12. The takeaway here is that SF, the city I grew up in, is dead. There is no heart left and all good things require a heart to servive. Don’t waste your breath arguing with the rich who’s own real estate bidding wars created these problems. They’re blinded by greed and lack the basic sensibility to even recognize the value of art and culture in the very neighborhoods they call their home. If Francisco Goya were alive today they’d evict him, too. In a heartbeat.

  13. $450 isn’t too low, $4500 is TOO HIGH.

    Assuming the building, like most around here, was bought back in the 60’s – 80’s, it’s likely that the purchase price was well under 100k, and that the mortgage, if not paid off already, is under $500/month.

    Taxes are locked in by prop 13 at the old purchase price, and the amount of maintenance usually done on such buildings is minimal.

    Sad fact is, landlords of these old buildings are making PROFIT even when the tenants are rent controlled-in at $450/month!

    But why settle for “reasonable profit” when you can buy a yacht by evicting terminally ill elders?

    1. So basically, you think landlords shouldn’t profit from their buildings, rent-controlled or otherwise. The big, bad, greedy landlord should just accept subsidized rent forever because it’s for the “good of the people”, right?

  14. Those with the mindsets of some are so black and white that they are missing the point. Yes, the law is clear. There are no laws being broken. The process outlined in the story is legally legit.

    What’s terrifying is the state of affairs being drawn from this story. Those who appreciate the Mission today and profit from it owe it to people like Rene Yanez.

    Yet landlords should not be the sole culprit here. Elected representatives play a key role, but so does the community. This is a failure of many cohorts, including the victims with some lack of forethought (but never to the this point). These well know contributors of the colorful Mission are losing their home as they’ve known it with a terminal illness. The lack of humanity in our laws and social consciousness is disturbing.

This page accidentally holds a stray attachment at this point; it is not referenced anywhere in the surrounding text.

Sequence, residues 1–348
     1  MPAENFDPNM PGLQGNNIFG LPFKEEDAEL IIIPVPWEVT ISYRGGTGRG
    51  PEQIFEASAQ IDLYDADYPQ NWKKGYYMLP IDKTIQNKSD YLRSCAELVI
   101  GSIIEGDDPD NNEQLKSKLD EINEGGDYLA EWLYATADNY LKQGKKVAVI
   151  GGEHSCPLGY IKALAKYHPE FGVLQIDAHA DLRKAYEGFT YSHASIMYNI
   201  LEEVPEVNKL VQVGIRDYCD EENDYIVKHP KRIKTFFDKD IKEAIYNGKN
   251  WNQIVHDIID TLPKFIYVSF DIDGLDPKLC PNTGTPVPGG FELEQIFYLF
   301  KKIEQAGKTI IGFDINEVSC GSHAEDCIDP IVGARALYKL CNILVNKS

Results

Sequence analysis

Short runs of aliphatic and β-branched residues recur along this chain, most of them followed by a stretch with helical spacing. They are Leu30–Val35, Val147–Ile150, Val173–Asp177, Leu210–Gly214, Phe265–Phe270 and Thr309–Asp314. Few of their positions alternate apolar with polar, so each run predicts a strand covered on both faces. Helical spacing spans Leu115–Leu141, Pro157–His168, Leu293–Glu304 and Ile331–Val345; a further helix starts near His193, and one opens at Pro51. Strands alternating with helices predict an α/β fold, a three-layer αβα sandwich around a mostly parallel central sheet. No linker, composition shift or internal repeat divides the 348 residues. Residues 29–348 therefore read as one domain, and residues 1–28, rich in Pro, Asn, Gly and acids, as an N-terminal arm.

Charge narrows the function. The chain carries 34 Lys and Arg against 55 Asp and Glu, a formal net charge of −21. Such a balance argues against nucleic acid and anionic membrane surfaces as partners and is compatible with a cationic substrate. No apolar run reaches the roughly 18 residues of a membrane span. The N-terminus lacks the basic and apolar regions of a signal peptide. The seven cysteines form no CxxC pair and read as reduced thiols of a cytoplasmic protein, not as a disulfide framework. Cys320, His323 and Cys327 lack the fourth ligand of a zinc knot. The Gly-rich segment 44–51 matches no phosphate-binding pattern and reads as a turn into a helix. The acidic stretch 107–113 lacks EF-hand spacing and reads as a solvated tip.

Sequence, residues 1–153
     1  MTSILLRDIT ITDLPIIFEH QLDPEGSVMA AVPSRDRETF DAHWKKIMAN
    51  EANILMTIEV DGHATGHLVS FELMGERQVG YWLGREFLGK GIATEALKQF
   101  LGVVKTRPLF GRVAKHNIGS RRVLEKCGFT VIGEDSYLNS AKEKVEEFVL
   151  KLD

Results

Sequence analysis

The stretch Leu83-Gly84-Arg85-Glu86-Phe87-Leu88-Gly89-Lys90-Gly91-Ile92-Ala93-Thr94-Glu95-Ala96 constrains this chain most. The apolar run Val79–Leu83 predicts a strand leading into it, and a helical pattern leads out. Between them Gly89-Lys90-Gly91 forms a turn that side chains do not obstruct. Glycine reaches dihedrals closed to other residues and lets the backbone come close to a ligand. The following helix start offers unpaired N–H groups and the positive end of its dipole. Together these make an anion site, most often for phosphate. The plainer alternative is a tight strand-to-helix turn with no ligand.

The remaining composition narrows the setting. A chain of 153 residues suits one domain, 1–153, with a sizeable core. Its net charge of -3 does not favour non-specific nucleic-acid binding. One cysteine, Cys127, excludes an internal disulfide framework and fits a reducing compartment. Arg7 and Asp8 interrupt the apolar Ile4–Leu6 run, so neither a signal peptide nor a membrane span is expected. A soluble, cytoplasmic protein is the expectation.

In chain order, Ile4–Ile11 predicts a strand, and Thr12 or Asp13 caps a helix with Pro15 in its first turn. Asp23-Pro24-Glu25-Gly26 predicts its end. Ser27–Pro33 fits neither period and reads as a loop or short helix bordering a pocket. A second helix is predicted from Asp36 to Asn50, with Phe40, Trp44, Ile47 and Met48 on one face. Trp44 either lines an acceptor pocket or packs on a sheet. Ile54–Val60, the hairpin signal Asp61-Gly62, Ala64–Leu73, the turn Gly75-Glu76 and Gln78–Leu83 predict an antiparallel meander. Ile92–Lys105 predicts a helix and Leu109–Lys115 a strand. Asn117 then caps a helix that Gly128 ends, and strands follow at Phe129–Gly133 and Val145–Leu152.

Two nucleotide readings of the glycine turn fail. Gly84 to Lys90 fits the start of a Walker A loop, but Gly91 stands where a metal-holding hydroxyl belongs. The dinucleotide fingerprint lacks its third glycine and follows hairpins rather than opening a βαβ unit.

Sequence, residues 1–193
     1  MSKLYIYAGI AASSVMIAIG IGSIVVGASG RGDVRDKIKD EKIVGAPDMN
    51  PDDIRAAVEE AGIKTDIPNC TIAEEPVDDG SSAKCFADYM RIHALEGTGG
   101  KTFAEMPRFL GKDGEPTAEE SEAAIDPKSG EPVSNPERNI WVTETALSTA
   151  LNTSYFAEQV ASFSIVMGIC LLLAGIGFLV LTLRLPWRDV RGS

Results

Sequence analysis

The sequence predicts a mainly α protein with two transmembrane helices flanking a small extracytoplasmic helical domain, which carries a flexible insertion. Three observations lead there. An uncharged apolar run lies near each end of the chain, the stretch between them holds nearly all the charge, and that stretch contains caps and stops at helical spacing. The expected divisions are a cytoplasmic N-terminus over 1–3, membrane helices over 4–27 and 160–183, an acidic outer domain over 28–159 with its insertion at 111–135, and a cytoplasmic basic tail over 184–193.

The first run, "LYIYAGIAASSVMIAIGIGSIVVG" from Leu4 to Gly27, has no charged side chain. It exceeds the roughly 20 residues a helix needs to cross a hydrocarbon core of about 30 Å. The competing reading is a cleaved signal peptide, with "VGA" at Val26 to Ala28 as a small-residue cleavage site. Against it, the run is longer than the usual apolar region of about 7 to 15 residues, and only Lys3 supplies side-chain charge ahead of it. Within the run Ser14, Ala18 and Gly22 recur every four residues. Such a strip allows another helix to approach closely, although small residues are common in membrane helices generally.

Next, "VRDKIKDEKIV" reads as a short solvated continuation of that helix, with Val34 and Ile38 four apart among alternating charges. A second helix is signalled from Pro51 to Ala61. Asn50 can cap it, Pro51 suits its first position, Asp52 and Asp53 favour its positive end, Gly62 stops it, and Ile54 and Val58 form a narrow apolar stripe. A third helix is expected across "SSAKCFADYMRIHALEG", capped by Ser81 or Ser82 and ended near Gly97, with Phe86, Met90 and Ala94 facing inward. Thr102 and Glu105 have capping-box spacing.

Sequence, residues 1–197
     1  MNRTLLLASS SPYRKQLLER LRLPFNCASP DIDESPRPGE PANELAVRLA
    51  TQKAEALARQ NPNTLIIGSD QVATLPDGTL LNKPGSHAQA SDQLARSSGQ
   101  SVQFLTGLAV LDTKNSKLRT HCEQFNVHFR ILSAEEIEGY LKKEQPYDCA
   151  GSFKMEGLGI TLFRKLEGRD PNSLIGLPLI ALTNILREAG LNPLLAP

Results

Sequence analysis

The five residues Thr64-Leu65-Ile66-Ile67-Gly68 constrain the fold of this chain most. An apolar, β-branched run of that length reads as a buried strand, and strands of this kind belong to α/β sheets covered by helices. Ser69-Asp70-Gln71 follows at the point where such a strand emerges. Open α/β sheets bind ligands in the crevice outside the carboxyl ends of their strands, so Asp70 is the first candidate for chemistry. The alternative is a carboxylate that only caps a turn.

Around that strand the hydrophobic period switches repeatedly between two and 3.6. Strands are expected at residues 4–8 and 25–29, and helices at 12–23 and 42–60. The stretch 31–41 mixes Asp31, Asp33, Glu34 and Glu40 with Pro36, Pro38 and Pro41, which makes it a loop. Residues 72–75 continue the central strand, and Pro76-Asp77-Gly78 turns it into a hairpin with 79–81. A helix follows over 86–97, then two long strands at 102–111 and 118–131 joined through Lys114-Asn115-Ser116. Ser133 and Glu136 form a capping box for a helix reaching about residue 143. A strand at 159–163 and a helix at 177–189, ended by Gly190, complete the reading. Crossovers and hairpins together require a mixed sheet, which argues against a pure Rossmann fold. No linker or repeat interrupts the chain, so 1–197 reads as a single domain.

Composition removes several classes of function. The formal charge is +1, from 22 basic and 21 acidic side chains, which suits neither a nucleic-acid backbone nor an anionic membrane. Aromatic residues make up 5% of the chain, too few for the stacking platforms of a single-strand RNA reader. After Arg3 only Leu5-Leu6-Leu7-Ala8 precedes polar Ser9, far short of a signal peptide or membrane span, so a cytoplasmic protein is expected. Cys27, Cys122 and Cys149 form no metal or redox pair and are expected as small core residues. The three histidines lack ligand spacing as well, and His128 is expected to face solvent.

1. You are the epitome of someone that belongs in the suburbs, and not in the Mission district. You are uncivilized.

        You may think that you will be spared, but life will humble you. You watch. Sooner or later you will learn what compassion is, and that money doesn’t solve everything in life.

        1. Sorry. I have no sympathy for people who don’t plan ahead and then want to cry wolf when their own bad decisions get exposed for all to see. They enjoyed a great subsidized ride for 30 years, but it had to end at some point.

  15. You’d think they would be able to save some money paying $450/month. Shit, a minimum wage job is $15,000 a year… or $1,250 a month.

  16. As for the comments regarding the amount of money these people pay, the building owners know it, have known it, and/or that property was purchased with them knowing it. They have OTHER tenants who I’m sure they can make money on. It’s unbelievable how worried some of you are ABOUT THE POOR LANDLORD. How much do they need? How much is enough? This POOR LANDLORD is a corporation, and believe me, has PLENTY. Would take the Burial Coins RIGHT OFF YOUR EYES JUST LIKE SCROOGE. Just wait, those of you who think they are paying “too little” until you get SWIPED by the COLD HEARTLESS HAND OF GREED.

    1. Until you can explain what the Yanez family did with the rest of the money they made aside from rent, you have no clue as to what being a landlord is all about. Could YOU live on $450/month?